The Burbank Unified school board adopted a $3-million plan last week to implement Common Core state standards. But concerns are being raised over whether the district owns enough computers to handle the hours of testing the students will undergo in the spring of 2015 as district students, along with those in more than 9,000 schools statewide, leave behind the academic standards that California adopted in 1997.
According to state educators, the new standards will encourage students to use critical thinking to analyze, research and write about non-literary texts and apply mathematics to real-world problem solving.
In the months ahead, school officials will examine whether they need to install more computers to accommodate students as they take the exams.
School board member Larry Applebaum said principals at about six Burbank schools have voiced concerns over a lack of computer lab space and wondered whether more state funds should be put toward additional computers.
“In some of these schools, you’re rotating a lot of kids through and you’re talking about tests that are several hours long,” he said. “There seems to be a lot of concern.”
Burbank Unified Supt. Jan Britz said the district’s technology department has already anticipated how many more computers will be needed at school sites before students take the exams in 2015.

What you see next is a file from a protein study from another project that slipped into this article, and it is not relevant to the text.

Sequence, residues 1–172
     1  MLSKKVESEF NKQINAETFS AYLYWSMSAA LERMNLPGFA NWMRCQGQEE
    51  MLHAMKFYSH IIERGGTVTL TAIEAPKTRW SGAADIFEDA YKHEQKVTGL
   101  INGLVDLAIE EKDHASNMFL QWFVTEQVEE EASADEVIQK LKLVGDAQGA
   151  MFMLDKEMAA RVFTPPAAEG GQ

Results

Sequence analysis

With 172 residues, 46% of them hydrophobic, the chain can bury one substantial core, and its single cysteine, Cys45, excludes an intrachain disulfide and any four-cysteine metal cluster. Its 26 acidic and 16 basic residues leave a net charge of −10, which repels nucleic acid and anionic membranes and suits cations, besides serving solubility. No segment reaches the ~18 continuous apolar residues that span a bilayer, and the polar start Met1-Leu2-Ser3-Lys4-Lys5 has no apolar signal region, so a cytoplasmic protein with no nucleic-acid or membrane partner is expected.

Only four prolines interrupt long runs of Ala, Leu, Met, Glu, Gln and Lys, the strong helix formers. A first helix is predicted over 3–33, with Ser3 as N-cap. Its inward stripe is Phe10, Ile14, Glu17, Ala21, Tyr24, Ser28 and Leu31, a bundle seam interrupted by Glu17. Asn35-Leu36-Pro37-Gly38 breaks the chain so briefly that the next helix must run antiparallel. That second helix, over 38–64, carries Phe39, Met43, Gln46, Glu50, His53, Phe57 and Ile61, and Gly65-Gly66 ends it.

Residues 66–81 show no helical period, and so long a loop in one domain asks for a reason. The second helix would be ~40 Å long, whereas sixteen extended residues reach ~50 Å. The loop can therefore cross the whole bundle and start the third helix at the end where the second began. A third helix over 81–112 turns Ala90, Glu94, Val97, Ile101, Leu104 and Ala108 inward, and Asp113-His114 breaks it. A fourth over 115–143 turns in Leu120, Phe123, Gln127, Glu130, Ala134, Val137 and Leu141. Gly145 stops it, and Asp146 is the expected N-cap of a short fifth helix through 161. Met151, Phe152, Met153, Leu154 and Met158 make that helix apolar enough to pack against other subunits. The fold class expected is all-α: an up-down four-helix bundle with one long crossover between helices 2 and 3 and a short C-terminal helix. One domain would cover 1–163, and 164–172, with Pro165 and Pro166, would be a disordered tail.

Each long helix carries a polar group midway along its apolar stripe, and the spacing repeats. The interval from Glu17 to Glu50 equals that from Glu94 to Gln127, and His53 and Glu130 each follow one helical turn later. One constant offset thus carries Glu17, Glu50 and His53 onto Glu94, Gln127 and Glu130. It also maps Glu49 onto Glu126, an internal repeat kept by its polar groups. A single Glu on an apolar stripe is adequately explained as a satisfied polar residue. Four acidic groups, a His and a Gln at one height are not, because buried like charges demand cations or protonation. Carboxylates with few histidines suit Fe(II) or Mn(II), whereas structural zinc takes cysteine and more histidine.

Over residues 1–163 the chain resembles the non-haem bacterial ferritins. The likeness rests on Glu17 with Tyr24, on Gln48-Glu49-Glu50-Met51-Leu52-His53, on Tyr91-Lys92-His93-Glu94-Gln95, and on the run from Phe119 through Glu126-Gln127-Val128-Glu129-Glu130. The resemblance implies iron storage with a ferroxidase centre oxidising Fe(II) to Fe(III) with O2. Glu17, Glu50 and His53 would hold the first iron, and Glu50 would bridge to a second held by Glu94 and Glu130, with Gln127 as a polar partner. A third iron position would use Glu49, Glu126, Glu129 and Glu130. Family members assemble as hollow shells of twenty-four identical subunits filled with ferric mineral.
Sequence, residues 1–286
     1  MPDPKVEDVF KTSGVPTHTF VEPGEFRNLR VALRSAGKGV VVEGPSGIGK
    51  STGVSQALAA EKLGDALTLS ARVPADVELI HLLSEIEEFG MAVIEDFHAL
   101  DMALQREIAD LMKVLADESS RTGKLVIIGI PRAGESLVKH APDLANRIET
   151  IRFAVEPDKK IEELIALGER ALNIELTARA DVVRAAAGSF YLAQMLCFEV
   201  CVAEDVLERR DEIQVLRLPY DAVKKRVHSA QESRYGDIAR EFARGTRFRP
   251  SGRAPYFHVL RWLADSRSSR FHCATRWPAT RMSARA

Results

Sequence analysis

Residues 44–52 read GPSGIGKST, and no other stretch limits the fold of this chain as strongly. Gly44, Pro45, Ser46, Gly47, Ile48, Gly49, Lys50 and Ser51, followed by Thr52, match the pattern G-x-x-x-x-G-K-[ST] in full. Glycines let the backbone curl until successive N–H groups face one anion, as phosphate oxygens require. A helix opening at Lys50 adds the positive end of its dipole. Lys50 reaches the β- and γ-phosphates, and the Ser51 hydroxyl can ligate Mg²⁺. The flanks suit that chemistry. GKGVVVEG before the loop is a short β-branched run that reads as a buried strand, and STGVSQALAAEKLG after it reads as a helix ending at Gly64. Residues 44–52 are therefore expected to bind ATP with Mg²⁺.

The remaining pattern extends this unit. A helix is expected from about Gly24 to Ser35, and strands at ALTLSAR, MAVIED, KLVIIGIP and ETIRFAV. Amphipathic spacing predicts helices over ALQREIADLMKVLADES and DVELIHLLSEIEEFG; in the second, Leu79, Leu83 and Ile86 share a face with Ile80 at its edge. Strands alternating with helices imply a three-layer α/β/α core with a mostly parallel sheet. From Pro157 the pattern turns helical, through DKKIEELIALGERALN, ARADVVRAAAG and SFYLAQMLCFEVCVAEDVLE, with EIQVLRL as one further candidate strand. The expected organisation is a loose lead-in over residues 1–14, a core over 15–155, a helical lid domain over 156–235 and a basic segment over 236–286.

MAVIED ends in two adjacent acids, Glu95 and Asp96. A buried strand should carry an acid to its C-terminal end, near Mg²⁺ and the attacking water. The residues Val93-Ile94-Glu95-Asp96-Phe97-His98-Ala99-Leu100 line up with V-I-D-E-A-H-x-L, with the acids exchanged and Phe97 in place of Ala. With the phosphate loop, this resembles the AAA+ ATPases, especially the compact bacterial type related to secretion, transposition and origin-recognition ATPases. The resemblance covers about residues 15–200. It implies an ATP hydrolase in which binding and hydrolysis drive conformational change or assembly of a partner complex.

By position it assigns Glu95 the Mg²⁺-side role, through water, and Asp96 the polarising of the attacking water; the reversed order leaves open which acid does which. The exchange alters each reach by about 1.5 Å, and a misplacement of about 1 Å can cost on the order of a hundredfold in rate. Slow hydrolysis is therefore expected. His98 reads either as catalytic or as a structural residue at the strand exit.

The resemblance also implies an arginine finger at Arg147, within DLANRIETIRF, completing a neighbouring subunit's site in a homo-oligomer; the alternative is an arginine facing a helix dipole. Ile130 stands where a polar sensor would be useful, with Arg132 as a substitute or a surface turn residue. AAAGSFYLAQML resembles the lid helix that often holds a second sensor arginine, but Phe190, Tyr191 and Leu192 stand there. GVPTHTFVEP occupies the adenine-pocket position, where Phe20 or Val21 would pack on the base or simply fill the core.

To help inform the public about the tests, Burbank Unified officials have provided a link to sample test questions on the district’s website.
When students take the exam in 2015, the test will adapt to their knowledge level.
If a student chooses the wrong answer to a question, the test will respond with an easier one. A student’s correct answer will spur a more challenging question. Once students repeatedly respond correctly to questions at a certain difficulty level, evaluators will know that is their top performance.
The Burbank school board last week also approved construction of a new data center that will hold twice the amount of equipment the district currently uses to power its computer network. That step is seen as preliminary as Burbank Unified prepares to expand its technology.
School officials plan to spend about $2.3 million so teachers can attend conferences and collaborate with others who teach at their same grade level as they write a new Common Core curriculum.
Sharon Cuseo, director of instruction and accountability for Burbank Unified, said the district keeps working to gear up for the changes.
“I think, overall, everybody’s excited about [the new standards] because they represent a significant shift and a more rigorous, thoughtful curriculum that teachers have been asking for a long time,” she said. “However, it does create some anxiety because it is upon us.”
The district will pay about $200,000 for teachers’ materials such as workbooks and posters.
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